22-segmented, each segment armed with setae, spines, spiniform process, or aesthetasc in the following order: (1)1s+1ae; (2)1s+2ae; (3)1s+1ae; (4)1ae; (5)1s+1ae; (6)1s; (7)1s; (8)1ae+1sp; (9)1s+2ae; (10)1ae+1sps, (11)1ae+1sps; (12)1ae+1sp; (13)1ae+1sps; (14)1s +2ae+1sps; (15)1s +2ae+1sps; (16)1s+ 2ae+1sps; (17)1ae; (18)1ae; (19)1ae; (20)3s+1ae; (21)2s; (22)3s. (Fig. 3A).
Figure 3. Morphology of the cephalic appendages.
A, A1; B, A2; C, EnpA2; D, mandible; E, detail of Enp2 of mandible; F, maxillule; G, maxilla; H, maxilliped. A: male from Rancho Grande, Zacatecas; C, E: typus of M. albuquerquensis patzcuarensis, slide 4057; B, D, F–H: female from Rancho Grande, Zacatecas.doi:10.1371/journal.pone.0085019.g003
Exp longer than Enp (Fig. 3B). Coxa with one long seta; long Bsp bearing two setae. Enp bi-segmented; Enp1 with two medial setae plus a group of long spine-like setae (Fig. 3B, C); Enp2 bilobed, inner lobe with a row of spine-like setae and seven long setae. Outer lobe of Enp2 with seven setae. Exp 7-segmented; setation pattern on each segment as follows: 1, 3, 1, 1, 1, 1, 4.
strong, toothed gnathobase with a movable seta at the tip (Fig. 3D). Coxa long, nude; Bsp with four setae. Enp bi-segmented; Enp1 with four setae; Enp2 quadrangular, with nine distal long setae (Fig. 3D) plus three toothed pectens on outer margin (arrowed in Fig. 3E). Exp four-segmented, with a 1, 1, 1, 3 setation pattern.
praecoxal arthrite with 12 spiniform setae, eight anterior, four posterior (Fig. 3F). Coxal epipodite with nine long setae. Coxal endite with four long setae. Bsp with one internal lobe bearing four setae; basal exite with one seta. Basal endite with four setae. Enp with one segment bearing seven setae. Exp plate-like, with six long setae.
indistinctly segmented; first praecoxal lobe with five setae, second praecoxal lobe with three setae (Fig. 3G). Two coxal lobes with three setae each. Two well-developed basal lobes: proximal lobe bearing four setae, distal lobe with one seta. Enp two-segmented; Enp1 bearing two setae, Enp 2 with three setae.
praecoxa with one long seta; coxa with three distinct lobes bearing nine setae (2, 3, 4), plus two rows of spine-like setae, and protuberance bearing short spinules surrounding the process (Fig. 3H). Bsp with a group of three distal setae and two rows of spine-like setae. Six-segmented Enp; Enp1 partially fused to Enp2. Setation pattern as follows: 2, 3, 2, 2, 2, 4.
P1 with three-segmented Exp and two-segmented End; P2–P4 with three-segmented Exps and Enps. The armature formula of P1–P4 observed in the material analyzed here and shown in Table 2 has been described and illustrated for other Mastigodiaptomus species , . Only two females from Zacatecas (12.5% of the surveyed population) showed two spines on Enp3P4 (on the left side).
Table 2. Setation formula for major armament of swimming legs (P1–P4) in the females and males in all the species described here.doi:10.1371/journal.pone.0085019.t002
P5, males (posterior view) (Fig. 4A).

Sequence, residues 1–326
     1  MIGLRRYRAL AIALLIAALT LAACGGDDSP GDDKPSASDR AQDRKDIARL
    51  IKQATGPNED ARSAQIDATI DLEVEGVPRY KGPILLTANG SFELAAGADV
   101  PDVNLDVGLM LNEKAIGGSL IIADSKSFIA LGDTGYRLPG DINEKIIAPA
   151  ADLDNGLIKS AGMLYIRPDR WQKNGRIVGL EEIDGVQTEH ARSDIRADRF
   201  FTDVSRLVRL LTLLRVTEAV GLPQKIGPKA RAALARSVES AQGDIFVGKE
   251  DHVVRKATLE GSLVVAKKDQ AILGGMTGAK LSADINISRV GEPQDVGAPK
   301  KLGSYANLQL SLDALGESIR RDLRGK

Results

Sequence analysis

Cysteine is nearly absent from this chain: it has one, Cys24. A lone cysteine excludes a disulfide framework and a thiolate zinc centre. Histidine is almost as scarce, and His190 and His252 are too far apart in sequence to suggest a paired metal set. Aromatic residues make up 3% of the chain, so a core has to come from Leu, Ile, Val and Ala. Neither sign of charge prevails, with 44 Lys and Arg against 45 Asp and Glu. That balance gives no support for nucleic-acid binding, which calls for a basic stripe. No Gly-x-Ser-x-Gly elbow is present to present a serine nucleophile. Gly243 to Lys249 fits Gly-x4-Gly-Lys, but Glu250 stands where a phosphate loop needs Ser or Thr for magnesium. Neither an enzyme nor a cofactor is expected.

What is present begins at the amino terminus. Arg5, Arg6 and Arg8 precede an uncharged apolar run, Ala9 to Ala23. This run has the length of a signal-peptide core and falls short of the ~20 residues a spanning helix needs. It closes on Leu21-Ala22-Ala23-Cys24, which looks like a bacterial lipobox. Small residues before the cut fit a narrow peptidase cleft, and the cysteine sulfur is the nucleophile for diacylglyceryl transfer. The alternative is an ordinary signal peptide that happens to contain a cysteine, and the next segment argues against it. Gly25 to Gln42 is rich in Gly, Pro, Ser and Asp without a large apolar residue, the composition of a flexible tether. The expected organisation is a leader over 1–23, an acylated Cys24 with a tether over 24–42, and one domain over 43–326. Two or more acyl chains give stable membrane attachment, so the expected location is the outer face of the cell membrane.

coxal segments with strong spines. Right Bsp with a proximal bulb; one rounded, hyaline membrane medially (arrowed in Fig. 4B) and one distal, butterfly-like sclerotization (Fig. 4C, D). Right Enp as long as Exp1; Exp2 bearing one curved, medial hyaline membrane (arrowed in Fig. 4E); aculeus inserted at distal half of the segment (Fig. 4A, E). Aculeus armed with spines on the medial edge and with a curved, sharp tip; terminal claw very long, armed, bent, with a dagger-like tip (Fig. 4A). Left Bsp bearing one lateral seta, one-segmented Enp, and two-segmented, pilose Exp. Exp2 with one fine, tiny seta (Fig. 4A, F).
Figure 4. Morphology of the fifth leg in males.
A, P5 posterior view; B, P5 anterior view; C, D P5 detail of right basis posterior view; E, P5 detail of right Exp2 posterior view; F, P5 detail of left Exp2. A–C: males from Cuitzeo; D–F: males from El Salvador, Durango.doi:10.1371/journal.pone.0085019.g004
From the PCA analyses, the variability is explained mainly by features related to the body length and secondarily by the number of eggs carried by females in axis 1, whereas the length of the A1 related with the Fu is more important in axis 2 (Fig. 2A).
In males, magnitudes related to the body length are important to explaining the variability in axis 1, whereas the L/W ratio of rostral spines is important in axis 2 (Fig. 2B).
In contrast to the genetic analyses, the PCA suggested the presence of only two sibling species with disjunct distributions in Mexico (Fig. 2), both coincident with two of the three main groups according to the barcodes, namely, M. albuquerquensis s. str. and M. patzcuarensis.
Descriptions of the two species
Figure 5. Morphology of Mastigodiaptomus albuquerquensis s. str.
A, habitus; B, habitus; C, rostrum, lateral view; D, rostrum, frontal view; E, fourth and fifth prosomite, right; F, fourth and fifth prosomite, left; G, fifth prosomite and double-genital somite, dorsal; H, P5; I, EnpP5; J, fifth prosomite and urosome, dorsal. B: male from HTSH, Texas, A, C–G, I–J: female from HTSH, Texas; H: female from Rancho Grande, Zacatecas.doi:10.1371/journal.pone.0085019.g005
Figure 6. Morphology of Mastigodiaptomus albuquerquensis s. str.
A, rostrum, lateral; B, rostrum, frontal; C, fourth and fifth prosomites and first urosomite, right; D, fourth and fifth prosomites and first urosomite, left; E, A1, segments 10–16; F, A1, segments 20–21; G, first urosomite, dorsal; H, urosomite, dorsal; I, fifth pediger, and first urosomite, dorsal. A–H: male from Rancho Grande, Zacatecas; I: male from Arizona, slide 2968 (slightly rotted to the left side).doi:10.1371/journal.pone.0085019.g006
Diaptomus albuquerquensis Herrick, 1895